VAT on cultural services: origin of the exemption
The cultural exemption was introduced in the UK on 1 June 1996, giving effect to the mandatory exemption originally set out in Article 13(A)(1)(n) of the 6t h VAT Directive (77/388/EC) for:
(n) certain cultural services and goods closely linked thereto supplied by bodies governed by public law or by other cultural bodies recognised by the member state concerned;
When the 6t h Directive was redrafted as the Principal VAT Directive (2006/112/EC) the wording of the cultural exemption, included at Article 132(1)(n), was slightly amended to:
the supply of certain cultural services, and the supply of goods closely linked thereto, by bodies governed by public law or by other cultural bodies recognised by the Member State concerned.
The introduction of the exemption followed amendments to the 1978 European Council agreements which had previously allowed the UK to tax all cultural services. Although the UK had believed that these amendments did not require any change to existing arrangements, we accepted, following legal challenge, that some supplies of cultural services supplied by public authorities or other eligible cultural bodies were required to be exempt. As the agreements were amended with effect from 1 January 1990, it was possible in some limited circumstances for cultural bodies to also backdate their exemption to this date.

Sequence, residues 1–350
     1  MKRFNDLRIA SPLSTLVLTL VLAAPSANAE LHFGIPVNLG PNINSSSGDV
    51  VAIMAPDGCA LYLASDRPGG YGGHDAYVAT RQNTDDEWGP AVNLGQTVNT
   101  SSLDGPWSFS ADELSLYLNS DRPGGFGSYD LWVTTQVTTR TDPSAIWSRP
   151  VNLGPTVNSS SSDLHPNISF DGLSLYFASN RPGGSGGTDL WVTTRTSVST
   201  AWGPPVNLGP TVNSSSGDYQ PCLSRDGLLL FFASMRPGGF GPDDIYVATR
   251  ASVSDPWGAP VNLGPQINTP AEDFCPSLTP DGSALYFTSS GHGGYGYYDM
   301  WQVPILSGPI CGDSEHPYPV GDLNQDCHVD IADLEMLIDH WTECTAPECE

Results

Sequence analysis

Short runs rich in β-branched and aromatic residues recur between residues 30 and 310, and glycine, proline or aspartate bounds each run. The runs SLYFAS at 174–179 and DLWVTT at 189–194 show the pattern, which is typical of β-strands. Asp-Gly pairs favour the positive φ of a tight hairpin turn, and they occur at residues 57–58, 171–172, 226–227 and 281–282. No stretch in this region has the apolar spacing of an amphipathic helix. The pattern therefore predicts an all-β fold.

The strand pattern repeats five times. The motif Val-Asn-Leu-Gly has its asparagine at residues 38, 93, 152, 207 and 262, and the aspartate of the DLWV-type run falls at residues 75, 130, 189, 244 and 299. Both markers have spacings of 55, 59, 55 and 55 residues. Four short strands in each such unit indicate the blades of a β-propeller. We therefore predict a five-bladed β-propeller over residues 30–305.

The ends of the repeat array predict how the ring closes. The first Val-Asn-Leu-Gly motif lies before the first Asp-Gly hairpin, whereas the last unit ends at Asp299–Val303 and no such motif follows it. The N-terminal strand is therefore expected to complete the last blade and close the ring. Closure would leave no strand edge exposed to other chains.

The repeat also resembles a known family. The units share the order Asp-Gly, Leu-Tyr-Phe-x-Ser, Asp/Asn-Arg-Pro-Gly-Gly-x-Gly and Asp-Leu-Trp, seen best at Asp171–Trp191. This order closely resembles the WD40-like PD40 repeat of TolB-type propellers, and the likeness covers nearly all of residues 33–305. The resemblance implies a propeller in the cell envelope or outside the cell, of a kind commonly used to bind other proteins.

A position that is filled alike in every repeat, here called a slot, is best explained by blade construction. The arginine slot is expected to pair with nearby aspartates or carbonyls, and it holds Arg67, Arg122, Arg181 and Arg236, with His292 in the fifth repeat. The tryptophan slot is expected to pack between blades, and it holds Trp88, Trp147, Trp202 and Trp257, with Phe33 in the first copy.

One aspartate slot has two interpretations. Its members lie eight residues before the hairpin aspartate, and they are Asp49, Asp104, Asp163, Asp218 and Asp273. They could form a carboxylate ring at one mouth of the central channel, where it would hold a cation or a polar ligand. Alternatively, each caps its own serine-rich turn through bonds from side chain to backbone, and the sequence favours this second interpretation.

The exemption was introduced following a consultation exercise which established that the vast majority of cultural bodies (with the exception of zoos) were opposed to exemption, as many were grant-funded and in a VAT repayment position. Exemption would therefore be a financial disadvantage for them.
Accordingly, the exemption was narrowly drawn and included the imposition of conditions as allowed for under Article 133 of the Principal VAT Directive 2006/112/EC, formerly Article 13(A)(2)(a) of the 6th VAT Directive.